One of the quit smoking quotes I’ve just come across is from American writer Mark Twain:
“Giving up smoking is the easiest thing in the world. I know because I’ve done it thousands of times.”
Like a lot of ex-smokers, good old Mark clearly struggled with sustaining the motivation to quit.
Fighting off the urge to have a cigarette is tough – no matter how heavy the smoker, everyone’s motivation levels vary and wane over time. It’s tough on day one, day thirty-one and even day one hundred and one. Maybe you’re still chomping on nicotine gum or fighting off nicotine withdrawal symptoms. What’s the best way to stay motivated and smoke-free in the face of nicotine cravings? Here’s a couple of tips we’ve collected for maximizing your willpower when the going gets tough!
After your quit date, you’ll probably find yourself grappling with the urge to smoke for a while – especially if you’ve gone cold turkey. One tactic for dealing with that is to transfer your addiction. For example, if the health benefits of being a non-smoker are what motivate you, have a healthy snack every time you fancy a cigarette. Maybe weight gain is impeding your smoking cessation efforts – work through a quick exercise routine when the urge to smoke arises.
Replacing your addiction with exercise is a great long-term strategy for many reasons. Unless you’re using NRT (nicotine replacement therapy), the dopamine released by your brain during exercise aids the chemical imbalance caused by the absence of nicotine. It’s kind of a replacement for nicotine dependence.
Exercising is also a killer way to begin reversing the negative consequences that cigarette smoking gives rise to (such as heart disease). Furthermore, once you start becoming fitter you’re less likely to reach for the packet and jeopardize everything you’ve worked for so far.
Now that you’re a non-smoker, use that opportunity to develop more healthy habits!
It might sound silly – but if you haven’t sat down to think about what’s stopping you from staying smoke-free in the long-term, now’s the time to do so. Maybe it’s hanging out with your smoking friends or a loved one who smokes which thwarts your quit attempts. Perhaps you haven’t fully convinced yourself of the dangers of smoking, or you’re afraid of how the current smokers you know will react.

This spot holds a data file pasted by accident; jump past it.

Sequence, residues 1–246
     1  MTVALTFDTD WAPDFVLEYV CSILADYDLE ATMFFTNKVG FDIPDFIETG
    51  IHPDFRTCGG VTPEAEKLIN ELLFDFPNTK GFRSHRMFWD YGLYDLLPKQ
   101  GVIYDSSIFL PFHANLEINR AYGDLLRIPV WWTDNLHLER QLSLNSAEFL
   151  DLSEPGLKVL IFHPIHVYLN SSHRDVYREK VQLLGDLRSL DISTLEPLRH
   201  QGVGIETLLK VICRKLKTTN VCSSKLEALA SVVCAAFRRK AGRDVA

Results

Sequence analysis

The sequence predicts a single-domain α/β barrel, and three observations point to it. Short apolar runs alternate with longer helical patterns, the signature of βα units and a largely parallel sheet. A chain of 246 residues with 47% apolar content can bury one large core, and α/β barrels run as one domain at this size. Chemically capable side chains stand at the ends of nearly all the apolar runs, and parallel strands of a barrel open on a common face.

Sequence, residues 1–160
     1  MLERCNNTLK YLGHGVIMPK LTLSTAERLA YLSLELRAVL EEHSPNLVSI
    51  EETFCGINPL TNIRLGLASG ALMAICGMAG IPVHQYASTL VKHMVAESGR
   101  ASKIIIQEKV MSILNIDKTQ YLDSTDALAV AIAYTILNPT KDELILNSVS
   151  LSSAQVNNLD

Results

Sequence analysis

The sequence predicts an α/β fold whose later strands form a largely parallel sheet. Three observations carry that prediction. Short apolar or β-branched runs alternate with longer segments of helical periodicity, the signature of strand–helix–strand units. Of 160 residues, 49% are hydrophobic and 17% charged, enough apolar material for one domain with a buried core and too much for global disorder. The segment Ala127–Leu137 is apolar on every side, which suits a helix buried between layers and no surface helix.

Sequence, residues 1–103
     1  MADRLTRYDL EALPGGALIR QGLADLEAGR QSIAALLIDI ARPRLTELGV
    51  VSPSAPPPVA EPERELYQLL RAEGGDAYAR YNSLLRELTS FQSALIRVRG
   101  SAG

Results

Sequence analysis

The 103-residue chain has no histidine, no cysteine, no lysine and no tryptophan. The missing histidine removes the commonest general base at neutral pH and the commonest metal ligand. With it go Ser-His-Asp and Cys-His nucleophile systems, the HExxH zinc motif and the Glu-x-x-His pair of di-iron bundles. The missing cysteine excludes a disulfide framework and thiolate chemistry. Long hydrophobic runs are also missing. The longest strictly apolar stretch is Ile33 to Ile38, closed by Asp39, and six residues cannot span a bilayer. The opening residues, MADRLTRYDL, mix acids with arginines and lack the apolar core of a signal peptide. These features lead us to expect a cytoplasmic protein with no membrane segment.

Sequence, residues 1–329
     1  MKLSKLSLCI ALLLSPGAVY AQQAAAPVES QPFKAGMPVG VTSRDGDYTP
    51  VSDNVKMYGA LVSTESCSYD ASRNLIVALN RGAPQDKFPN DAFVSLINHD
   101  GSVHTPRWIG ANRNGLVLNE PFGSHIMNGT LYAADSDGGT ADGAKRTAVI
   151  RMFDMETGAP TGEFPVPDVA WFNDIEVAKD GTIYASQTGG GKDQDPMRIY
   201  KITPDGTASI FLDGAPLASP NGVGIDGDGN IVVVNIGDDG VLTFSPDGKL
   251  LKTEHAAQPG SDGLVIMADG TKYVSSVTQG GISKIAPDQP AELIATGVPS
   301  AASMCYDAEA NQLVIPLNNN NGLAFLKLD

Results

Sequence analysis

Motivation is a huge part of the decision to quit – but it’s hard to stay motivated with blockades like these in the way. Check out this link for a list of mental health roadblocks and how you can approach and overcome them. It’ll help you quit smoking!
This is one of my favourite methods for any kind of goal setting. It’s one of the personal reasons I was able to quit smoking, and I’ve used it in a lot of other self-help projects I’ve undertaken – like becoming more organized and establishing a proper morning routine. Visual reminders are great – I swear by them.
Visual reminders don’t have to comprise of grim lung cancer autopsies or pin-ups that illustrate the effects of carbon monoxide poisoning. Though I’ll admit that I did stick them up at one point. It’s more effective to pinpoint your quit-smoking motivation then use it. One of the main reasons that smoking annoyed me was that it was a constant waste of money – so I found it way more useful to pin up pictures of the things I’d spend my wages on instead. It’s good to have a physical reminder of the reason you’ve quit before you go reaching for the cigarette packet!
Willpower is a powerful thing – but stopping smoking usually takes more than willpower alone. You should definitely consider nicotine replacement therapy in order to combat the side effects of nicotine withdrawal. Check out our series of guides to learn more about NRT and how to use it. Personally, I found nicotine chewing gum a lifesaver – if anything because it gives you something to do when you get that whiff of secondhand smoke.
Social support is also important. Whether it’s a support group or the encouragement and reinforcement of your friends and family, routinely sharing your progress and talking to others about your journey will make you less likely to relapse. Studies show that in the United States, social support is associated with higher intentions to quit, so is more likely to aid smoking cessation. It’s easier to go smoke-free if you’re not alone!
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